Description Shape:
Standard, circular.
Blazon (Heraldic description)
Per fess wavy white and green; a greyhound courant, black .
CHASER: One that chases or pursues another. The green in the design references he grass greyhound racing track at the White City stadium, London, and the motto reflects the result of the contest.

For explanations of heraldic terms see the Badges & Honours page.

 

Motto:

VENANDO VICTOR

Victorious by chasing

 

 

Pennant Numbers:

D32 (Atlantic)

R306 /A727 (Pacific)

 


 

Battle Honours:

Atlantic 1943

Arctic 1944

Okinawa 1945

 

 


 

Specifications

Builder: Ingalls Shipbuilding
Corp, Pascagoula, Mississippi

Displacement: 14,170 tons

length (Overall): 486ft

Beam:  69ft 6in

Flight deck: 442ft x 80ft wood covered mild steel plate

Propulsion: 2 Foster Wheeler boilers; 1 x Allis-Chalmers geared turbine driving 1 shaft

Speed:  18.5 knots

A/C Capacity: 20

Hangar: 262ft x 62ft x 18ft

A/C lifts: 2; aft 34ft long x 42ft wide; forward 42ft long x 34ft wide

Arrestor wires: 9 with 3 barriers

Catapult: 1 x H2 hydraulic

Armament: 2 single 4in USN Mk 9, 4 twin 40mm Bofors, 8 twin 20mm Oerlikon, 10 single 20mm Oerlikon

Crew Complement: 646


 

Commanding Officers:

 

  Lt. Cdr. S. K. Horn RN

May 42 - Jan 43


Capt. H.V P. McClintock RN
Feb 43 - Jun 44


Capt. R.G. Poole RN
Jan 45 -  Jul 45


Cdr. M. N. Tufnell RN

Aug 45 -  May 46

 


 

Squadrons:

816

Feb-Mar 44
Swordfish II  & Wildcat V

 

835

Nov-Dec 43
Swordfish II  & Sea Hurricane

 

 

 845

May - Jun 43

Avenger I

 

899

Jan-Apr 45
Seafire L.III

 


 

Listen to this section

 

 

 Listen to this article

 

 


 

 

Click here to see more photos

 


 

 

A History of HMS CHASER

 

The newly commissioned HMS CHASER in Chesapeake Bay with Tarpons (Avengers) of 845squadron ranged on deck during the ship's work up with the new squadron in June1943. 845's air crews practiced dummy torpedo at tacks, navigation and radio exercises while the ship's air department experienced flight operations for the first time.

 

 

HMS CHASER began life as a 11,900 ton Maritime Commission C3-S-A2 type freighter, MORMACGULF ordered for the US operator Moore-McCormack Lines. Her keel was laid down June 28th 1941 at the Ingalls Shipbuilding Corporation shipyard. Pascagoula, Mississippi, she was Maritime Commission hull number 162, Ingalls hull number 295/  On 26th December 1941 the MORMACGULF was purchased by the US navy for conversion an auxiliary aircraft carrier the USS BRETON, AVG - 10 and was launched June 19th 1942.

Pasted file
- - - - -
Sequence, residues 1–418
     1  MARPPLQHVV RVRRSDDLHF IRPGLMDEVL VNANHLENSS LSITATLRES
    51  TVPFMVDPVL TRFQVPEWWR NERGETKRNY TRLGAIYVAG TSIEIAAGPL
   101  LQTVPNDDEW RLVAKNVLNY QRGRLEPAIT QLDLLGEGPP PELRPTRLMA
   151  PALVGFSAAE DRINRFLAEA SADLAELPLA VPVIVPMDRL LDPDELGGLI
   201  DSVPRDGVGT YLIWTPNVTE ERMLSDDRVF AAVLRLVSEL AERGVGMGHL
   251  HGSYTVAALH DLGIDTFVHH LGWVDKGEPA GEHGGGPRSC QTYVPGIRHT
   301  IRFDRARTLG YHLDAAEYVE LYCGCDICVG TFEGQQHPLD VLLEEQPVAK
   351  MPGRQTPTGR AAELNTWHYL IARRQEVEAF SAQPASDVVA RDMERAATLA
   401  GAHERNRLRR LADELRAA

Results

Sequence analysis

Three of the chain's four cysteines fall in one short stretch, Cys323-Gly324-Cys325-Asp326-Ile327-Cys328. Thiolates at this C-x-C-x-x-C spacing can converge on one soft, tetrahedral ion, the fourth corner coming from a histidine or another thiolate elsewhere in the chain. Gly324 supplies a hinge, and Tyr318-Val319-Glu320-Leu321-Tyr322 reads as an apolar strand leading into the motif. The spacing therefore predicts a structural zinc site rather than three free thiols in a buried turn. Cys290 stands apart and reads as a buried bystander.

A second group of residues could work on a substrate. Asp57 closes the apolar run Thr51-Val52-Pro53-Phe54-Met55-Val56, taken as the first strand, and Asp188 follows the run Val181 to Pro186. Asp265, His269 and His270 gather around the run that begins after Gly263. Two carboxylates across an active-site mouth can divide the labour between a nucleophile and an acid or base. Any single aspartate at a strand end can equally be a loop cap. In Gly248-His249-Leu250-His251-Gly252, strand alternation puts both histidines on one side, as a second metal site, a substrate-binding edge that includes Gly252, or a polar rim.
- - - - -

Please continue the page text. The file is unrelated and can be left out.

The name BRETON was cancelled when it was decided that AVG - 10 was to be transferred to the Admiralty under the lend-lease programme on completion. AVG-10 began her contractor's trials at the beginning of April 1943 and work was completed on April 9th when the ship was formally transferred to the Royal Navy and commissioned as HMS CHASER, Captain H.V.P. McClintock DSO, RN in command. Her US designation now became BAVG - 10, but this was changed to CVE-10 on July 15th 1943; she was the second vessel to bear this name, the first was a 320 ton, 18 gun Sloop, in 1781.

Having completed her Admiralty acceptance trials CHASER was ready to sail on her maiden voyage by April 20th when she took passage to Norfolk Navy Yard, arriving there on the 23rd. The ship was to spend the next month working up to operational efficiency in the Chesapeake Bay area. This was completed by May 21stWhen the carrier prepared to receive her first operational aircraft.

CHASER was to embark and operate the 12 Avenger Mk.1s of 845 Naval Air Squadron on passage to the UK; this squadron had been formed and trained at USNAS Quonset Point and had moved to USNAS Norfolk by May 27th for Deck Landing Training, aboard both the USS CHARGER (on the 27th) and HMS CHASER (from 28th May). There were two deck landing accidents on the first day of flying operations form CHASER, both aircraft suffered minor damage FN777 hit an obstruction on the flight deck, while FN781 drift on landing and a wheel slipped of the edge of the deck into the catwalk. A third accident happened on June 4th when the tail of FN779 hit the round down on landing.